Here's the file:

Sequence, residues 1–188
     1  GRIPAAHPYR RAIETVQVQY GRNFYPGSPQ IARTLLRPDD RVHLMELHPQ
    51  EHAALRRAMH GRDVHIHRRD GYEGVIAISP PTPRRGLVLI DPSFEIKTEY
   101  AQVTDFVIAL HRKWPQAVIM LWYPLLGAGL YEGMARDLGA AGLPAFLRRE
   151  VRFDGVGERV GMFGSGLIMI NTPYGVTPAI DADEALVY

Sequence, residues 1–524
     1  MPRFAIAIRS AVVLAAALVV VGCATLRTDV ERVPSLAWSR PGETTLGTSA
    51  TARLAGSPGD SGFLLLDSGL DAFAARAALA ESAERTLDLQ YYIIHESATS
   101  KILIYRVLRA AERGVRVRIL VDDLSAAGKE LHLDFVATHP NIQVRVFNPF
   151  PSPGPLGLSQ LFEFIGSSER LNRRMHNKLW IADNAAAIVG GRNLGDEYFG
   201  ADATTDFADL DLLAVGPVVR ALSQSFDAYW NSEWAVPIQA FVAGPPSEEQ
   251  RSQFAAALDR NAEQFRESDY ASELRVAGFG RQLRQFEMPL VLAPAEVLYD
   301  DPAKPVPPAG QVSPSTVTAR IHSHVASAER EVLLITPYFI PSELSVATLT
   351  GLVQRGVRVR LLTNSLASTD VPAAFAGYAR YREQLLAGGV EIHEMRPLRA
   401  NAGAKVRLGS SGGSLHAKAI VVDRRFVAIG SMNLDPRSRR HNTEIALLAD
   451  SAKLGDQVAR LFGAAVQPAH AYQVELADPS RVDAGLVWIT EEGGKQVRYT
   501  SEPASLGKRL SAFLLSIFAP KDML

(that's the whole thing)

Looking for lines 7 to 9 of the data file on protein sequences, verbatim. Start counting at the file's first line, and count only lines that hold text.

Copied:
     1  MPRFAIAIRS AVVLAAALVV VGCATLRTDV ERVPSLAWSR PGETTLGTSA
    51  TARLAGSPGD SGFLLLDSGL DAFAARAALA ESAERTLDLQ YYIIHESATS
   101  KILIYRVLRA AERGVRVRIL VDDLSAAGKE LHLDFVATHP NIQVRVFNPF